How many fouls are basketball players allowed to commit?

We used to argue this question in law school. I took the position that NBA players were allowed to commit six fouls, and college players five. My argument was that, while you would pay a significant price for committing the sixth foul (or the fifth in college), namely having to sit out the rest of the game, the rules did not bar you from committing it. If you were on the court and elected to commit it, no one would stop you.

The students I argued with said that NBA players were only permitted five fouls (college players four) because any additional fouls would be harshly penalized in a way that earlier fouls were not. In this sense, players were prohibited from committing the “fatal” foul.

I can’t remember whether I actually believed my position or took it just for the sake of arguing. I’m pretty sure I thought that both views were defensible, and that arguing the matter was fun but not at all consequential.

A similar dispute, though not an identical one, appears to lie at the heart of the highly consequential debate between Chief Justice Roberts and Justice Kennedy over whether it is “fairly possible” to view the payment that must be made under Obamacare for not purchasing health insurance as a tax. Roberts’ view that it reasonably can be considered a tax rests, at least on part, on the claim that there is no prohibition against not buying health insurance. An individual can refuse to buy insurance, just as a basketball player can commit that last foul, though he or she will pay a price for the refusal.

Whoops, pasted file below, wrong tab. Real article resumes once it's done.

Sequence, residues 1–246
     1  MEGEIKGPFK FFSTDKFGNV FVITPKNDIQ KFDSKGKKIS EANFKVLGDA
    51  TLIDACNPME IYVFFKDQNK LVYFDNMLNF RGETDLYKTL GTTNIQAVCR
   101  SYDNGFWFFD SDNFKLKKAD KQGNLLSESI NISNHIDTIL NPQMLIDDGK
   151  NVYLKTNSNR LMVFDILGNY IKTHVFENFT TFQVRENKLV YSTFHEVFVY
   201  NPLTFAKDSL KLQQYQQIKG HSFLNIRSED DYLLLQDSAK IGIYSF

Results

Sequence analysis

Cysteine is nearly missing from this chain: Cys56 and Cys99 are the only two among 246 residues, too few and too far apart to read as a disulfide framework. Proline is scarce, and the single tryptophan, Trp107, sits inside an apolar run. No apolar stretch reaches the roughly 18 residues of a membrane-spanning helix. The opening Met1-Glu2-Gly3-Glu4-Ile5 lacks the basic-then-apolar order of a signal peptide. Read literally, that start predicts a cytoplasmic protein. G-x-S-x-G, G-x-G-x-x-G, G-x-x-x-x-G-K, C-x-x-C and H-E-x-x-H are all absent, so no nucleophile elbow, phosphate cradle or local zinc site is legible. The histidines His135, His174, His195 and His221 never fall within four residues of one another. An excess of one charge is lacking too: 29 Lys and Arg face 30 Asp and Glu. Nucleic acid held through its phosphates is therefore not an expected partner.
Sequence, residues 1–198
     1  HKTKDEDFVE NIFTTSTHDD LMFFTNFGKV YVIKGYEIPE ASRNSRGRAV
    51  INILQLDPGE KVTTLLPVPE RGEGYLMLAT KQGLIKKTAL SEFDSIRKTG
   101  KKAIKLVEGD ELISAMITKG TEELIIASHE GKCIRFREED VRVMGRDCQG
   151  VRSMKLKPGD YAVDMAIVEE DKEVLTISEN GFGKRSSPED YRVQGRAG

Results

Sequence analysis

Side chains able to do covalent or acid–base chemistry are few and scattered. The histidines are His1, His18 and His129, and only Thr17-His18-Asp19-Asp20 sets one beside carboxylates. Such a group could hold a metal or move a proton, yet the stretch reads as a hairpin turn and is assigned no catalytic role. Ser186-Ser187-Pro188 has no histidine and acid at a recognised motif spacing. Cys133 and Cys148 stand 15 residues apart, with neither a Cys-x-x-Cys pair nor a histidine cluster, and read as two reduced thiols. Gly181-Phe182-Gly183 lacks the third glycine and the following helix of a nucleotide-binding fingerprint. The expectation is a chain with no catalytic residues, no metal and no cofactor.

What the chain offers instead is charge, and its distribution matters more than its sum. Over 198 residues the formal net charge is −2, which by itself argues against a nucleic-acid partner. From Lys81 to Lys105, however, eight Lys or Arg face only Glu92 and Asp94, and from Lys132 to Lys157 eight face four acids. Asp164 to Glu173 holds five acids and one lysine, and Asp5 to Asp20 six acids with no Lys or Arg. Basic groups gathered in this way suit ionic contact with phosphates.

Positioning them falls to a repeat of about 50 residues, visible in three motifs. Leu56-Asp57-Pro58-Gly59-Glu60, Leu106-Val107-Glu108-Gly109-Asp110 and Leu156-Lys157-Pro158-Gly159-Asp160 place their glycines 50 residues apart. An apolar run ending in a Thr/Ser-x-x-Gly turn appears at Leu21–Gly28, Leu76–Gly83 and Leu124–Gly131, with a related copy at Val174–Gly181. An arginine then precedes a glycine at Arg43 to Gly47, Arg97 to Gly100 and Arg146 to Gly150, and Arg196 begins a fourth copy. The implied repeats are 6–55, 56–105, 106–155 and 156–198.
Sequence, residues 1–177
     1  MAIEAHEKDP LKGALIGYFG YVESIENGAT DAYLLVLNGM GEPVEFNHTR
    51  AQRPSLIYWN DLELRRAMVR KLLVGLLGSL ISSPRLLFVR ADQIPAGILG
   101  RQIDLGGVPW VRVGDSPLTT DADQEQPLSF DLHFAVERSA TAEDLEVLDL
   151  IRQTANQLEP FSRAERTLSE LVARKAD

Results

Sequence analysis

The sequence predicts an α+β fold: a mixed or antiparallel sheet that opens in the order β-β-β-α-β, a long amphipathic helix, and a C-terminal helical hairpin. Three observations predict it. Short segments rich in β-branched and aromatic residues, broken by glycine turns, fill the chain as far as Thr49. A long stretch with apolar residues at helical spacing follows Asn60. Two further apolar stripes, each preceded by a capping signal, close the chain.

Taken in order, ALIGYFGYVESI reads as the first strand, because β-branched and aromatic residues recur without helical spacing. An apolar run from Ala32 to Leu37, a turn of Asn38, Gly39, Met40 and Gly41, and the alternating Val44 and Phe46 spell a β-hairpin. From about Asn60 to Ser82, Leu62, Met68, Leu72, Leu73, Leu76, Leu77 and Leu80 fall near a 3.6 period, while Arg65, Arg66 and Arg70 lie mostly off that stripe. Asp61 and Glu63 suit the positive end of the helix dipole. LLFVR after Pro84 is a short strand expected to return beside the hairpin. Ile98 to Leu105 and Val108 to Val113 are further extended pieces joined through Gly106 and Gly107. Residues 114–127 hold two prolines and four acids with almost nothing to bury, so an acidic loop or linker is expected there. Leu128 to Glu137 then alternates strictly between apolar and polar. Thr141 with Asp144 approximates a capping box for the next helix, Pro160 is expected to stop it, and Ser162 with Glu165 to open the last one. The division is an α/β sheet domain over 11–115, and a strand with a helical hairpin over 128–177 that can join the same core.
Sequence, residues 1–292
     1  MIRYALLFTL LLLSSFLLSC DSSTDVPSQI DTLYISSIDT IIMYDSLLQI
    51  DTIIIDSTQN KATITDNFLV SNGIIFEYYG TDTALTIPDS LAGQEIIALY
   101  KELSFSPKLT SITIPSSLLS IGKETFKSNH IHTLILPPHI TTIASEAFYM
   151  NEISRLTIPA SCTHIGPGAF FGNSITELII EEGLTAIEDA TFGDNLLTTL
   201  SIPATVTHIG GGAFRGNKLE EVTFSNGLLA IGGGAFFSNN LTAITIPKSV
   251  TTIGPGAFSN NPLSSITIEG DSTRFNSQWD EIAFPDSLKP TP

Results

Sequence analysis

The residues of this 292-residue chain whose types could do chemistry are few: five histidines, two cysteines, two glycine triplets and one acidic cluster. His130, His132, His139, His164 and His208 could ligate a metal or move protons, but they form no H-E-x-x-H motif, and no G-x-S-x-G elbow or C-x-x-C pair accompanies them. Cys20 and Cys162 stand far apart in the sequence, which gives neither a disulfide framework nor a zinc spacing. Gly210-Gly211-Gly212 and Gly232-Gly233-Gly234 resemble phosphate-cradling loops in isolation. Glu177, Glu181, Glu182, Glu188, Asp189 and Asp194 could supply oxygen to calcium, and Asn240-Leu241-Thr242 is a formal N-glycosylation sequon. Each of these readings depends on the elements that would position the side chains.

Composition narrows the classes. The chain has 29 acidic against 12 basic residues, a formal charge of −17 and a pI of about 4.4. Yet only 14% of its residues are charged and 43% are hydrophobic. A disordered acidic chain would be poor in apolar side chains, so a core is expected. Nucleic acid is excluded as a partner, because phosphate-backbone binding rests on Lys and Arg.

Kennedy’s view is that the price one must pay for not purchasing insurance entails a prohibition. He quotes the great jurist Chancellor Kent as follows: “If a statute inflicts a penalty for doing an act, the penalty implies a prohibition, and the thing is unlawful, though there be no prohibitory words in the statute.”

Kennedy’s view of this matter is more persuasive than the Chief Justice’s. But remember, under rules of constitutional adjudication, Roberts’ view need not be the most persuasive one. As Kennedy concedes, it must only be “fairly possible.”

Unfortunately, the “fairly possible” test is a squishy one, to say the least. In the end, its application can depend on the lengths to which a judge is willing to go to avoid overturning a legislative act. Chief Justice Roberts went to considerable lengths, and is vulnerable to the criticism that he went too far.

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